Seeing out the storm: Our Back to Basics Kiwi family is back to square one after garden turns to mud

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Our columnist Lydia Harvey - who is trying to live off her garden instead of the supermarket for a year - is among the thousands of people who have borne the brunt of Cyclone Debbie's last sting as it moves across the Tasman. With mass evacuations happening around them, the Harvey family have dug deep into the resources to help those affected as the supermarkets shelves empty.

It's been a long and sad few days for us. Like the rest of the country we have felt the full brunt of the tail end of Cyclone Debbie. It's not been easy for anybody!

The Harveys' garden is a pile of mud following the heavy downpours.

The Harveys' garden is a pile of mud following the heavy downpours.

Source: 1 NEWS

Our main garden took a direct hit and all that remains is mud puddles while our fruit trees have sustained damage.

Looking at the garden today, I had a cry and honestly felt that I wanted to give up.

I thought we were ready for winter, but this has set us back a bit.

A soaked Lydia ready to hand out food to those working to help those affected by flooding in Whanganui.

A soaked Lydia ready to hand out food to those working to help those affected by flooding in Whanganui.

Source: 1 NEWS

Our spirits took the biggest hit knowing how many hours of hard work had been undone with just a couple of hours' worth of rain.

Our saving grace being at least we still have a few things in the glass house and our sheltered raised gardens are doing OK.

But while our garden is a bit muddy, others have been evacuated from their homes and there are people pulling some long, hard hours to help those people.

The Harvey's garden took a big hit during this week's storm.

The Harvey's garden took a big hit during this week's storm.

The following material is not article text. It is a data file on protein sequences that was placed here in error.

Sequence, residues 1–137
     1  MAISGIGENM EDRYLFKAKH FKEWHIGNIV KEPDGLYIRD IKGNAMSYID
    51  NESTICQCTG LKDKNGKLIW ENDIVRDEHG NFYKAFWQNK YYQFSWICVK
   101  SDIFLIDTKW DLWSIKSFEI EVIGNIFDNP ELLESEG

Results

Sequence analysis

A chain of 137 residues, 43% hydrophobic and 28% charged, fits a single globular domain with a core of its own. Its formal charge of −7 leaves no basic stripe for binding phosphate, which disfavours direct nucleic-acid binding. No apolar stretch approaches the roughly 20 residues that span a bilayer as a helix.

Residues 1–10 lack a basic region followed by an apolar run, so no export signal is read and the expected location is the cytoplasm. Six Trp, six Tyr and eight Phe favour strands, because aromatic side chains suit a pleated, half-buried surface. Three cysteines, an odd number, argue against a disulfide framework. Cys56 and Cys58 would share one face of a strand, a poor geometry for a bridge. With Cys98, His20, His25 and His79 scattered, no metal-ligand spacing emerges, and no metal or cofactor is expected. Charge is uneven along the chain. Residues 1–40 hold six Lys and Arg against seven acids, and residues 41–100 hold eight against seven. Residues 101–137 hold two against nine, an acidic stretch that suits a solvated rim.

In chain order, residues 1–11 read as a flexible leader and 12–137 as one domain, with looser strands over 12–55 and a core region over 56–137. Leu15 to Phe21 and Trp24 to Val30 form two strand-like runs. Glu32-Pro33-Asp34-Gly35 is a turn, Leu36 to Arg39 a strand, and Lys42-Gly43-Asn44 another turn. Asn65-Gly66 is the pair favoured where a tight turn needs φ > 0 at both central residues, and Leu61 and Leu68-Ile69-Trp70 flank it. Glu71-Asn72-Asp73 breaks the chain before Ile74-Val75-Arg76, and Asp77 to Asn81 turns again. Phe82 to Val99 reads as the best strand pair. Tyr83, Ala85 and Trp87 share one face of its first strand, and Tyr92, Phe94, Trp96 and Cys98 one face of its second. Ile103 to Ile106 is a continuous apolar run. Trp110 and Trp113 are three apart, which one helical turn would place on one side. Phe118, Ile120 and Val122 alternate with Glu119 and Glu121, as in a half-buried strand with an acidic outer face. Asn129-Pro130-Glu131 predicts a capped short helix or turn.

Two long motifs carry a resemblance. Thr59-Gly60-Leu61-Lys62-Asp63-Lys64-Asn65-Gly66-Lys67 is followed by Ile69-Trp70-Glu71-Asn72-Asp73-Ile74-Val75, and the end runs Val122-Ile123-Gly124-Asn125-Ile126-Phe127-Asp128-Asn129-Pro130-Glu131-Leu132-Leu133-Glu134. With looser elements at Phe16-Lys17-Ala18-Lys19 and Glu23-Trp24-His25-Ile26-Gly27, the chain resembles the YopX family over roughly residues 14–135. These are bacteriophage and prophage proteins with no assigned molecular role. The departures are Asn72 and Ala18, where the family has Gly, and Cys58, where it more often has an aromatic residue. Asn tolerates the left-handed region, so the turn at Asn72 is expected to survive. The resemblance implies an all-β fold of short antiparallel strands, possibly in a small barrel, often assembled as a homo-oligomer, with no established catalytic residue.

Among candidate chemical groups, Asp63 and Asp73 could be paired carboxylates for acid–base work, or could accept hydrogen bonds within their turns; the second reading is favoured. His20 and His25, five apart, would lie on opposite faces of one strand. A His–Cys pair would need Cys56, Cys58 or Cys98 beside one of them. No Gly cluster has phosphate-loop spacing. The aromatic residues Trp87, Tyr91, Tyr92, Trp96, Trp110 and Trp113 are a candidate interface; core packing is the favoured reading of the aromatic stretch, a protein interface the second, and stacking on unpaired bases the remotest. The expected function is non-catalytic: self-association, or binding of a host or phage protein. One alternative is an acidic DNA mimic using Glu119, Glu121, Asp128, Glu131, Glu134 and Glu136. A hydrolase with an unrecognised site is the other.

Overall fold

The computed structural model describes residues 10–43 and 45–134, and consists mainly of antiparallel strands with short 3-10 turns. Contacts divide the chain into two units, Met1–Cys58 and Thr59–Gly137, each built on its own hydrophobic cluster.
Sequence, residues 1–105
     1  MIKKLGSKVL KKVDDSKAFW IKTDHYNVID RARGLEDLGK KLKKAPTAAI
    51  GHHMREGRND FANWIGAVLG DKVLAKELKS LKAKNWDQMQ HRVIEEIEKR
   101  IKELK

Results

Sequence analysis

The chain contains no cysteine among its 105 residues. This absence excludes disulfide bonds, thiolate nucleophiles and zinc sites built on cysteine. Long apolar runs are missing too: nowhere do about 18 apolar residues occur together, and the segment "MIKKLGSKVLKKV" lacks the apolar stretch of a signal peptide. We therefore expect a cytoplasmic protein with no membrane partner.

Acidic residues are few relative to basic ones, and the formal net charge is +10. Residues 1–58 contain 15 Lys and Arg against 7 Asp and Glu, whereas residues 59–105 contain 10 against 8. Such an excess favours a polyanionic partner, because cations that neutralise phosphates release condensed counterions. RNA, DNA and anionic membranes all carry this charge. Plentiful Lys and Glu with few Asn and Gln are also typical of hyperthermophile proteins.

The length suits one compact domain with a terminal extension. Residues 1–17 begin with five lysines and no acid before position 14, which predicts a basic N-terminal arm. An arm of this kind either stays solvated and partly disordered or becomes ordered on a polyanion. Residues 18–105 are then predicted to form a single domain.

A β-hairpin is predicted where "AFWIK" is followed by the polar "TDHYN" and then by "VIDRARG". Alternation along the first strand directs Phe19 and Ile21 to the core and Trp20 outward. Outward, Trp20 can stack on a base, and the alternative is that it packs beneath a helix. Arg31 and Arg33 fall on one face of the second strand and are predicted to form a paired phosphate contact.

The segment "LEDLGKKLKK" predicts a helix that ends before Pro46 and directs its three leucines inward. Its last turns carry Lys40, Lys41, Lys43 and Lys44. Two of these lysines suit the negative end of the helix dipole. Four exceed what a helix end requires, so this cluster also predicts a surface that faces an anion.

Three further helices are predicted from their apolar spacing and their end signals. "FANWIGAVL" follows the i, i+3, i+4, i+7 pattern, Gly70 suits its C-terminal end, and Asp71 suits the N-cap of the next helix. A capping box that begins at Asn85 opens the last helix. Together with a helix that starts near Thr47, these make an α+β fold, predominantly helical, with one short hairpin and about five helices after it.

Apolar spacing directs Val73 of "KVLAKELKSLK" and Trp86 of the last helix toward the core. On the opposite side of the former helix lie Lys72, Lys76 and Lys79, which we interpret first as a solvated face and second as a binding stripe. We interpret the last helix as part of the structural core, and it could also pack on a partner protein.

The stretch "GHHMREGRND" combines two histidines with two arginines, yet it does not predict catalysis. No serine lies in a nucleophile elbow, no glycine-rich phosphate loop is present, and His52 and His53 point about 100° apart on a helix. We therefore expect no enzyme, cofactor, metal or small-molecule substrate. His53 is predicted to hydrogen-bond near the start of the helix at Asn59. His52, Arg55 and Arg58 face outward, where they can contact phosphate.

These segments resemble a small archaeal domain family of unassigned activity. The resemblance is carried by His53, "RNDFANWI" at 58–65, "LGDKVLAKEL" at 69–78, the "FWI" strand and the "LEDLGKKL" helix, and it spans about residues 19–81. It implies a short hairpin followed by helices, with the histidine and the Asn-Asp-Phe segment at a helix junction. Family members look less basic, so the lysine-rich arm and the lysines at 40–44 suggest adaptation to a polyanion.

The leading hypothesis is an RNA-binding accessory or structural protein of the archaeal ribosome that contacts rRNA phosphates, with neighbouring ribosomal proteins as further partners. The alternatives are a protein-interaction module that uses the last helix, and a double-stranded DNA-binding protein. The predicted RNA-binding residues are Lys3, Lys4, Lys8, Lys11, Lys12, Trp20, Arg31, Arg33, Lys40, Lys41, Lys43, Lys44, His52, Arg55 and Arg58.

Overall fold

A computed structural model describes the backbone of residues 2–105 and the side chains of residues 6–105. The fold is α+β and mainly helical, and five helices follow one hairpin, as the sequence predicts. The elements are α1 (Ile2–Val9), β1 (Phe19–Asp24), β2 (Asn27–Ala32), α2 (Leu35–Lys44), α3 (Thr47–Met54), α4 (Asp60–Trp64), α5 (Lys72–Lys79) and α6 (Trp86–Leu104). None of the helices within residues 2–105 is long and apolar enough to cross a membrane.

Source: 1 NEWS

And we knew that thanks to our food prepping and storing techniques we had the resources to feed them.

Harvey family supply hot meals for teams helping those in need in Whanganui.

Harvey family supply hot meals for teams helping those in need in Whanganui.

Source: 1 NEWS

So that's what I spent the morning doing making pizza breads, cakes, slices in bulk and dropping them into the local council where it could be distributed among the helpers.

Supplies from the Harveys to teams working a very wet Whanganui.

Supplies from the Harveys to teams working a very wet Whanganui.

Source: 1 NEWS

Yes, we dipped heavily into our surplus to do this, but that's what it is there for – times of emergencies. Not just for us but also for those around us in times it is needed.

While the rain came down and people in their masses were heading to the local stores to try and get supplies, we had no need to go anywhere.

Lydia's friend sent through this picture of shelves emptying in their local supermarket following the floods.

Lydia's friend sent through this picture of shelves emptying in their local supermarket following the floods.

Source: 1 NEWS

Our resources and supplies are well stocked and stored and we had everything we needed with excess to redistribute.

Learning to live without the supermarket makes me reflect on how essential it is to be a little more aware on how fast things can change and how people would adapt if a larger scale event were to occur.

I know for us what we are doing has required us to learn so many things and at times like these I'm reminded just how important these skills can be.

But for now we're waiting for the sun to come out and head back into the garden to unfortunately start again.

Back to square one: Lydia gets her seeds out to replant all her vegetables which have washed away.

Back to square one: Lydia gets her seeds out to replant all her vegetables which have washed away.

Source: 1 NEWS

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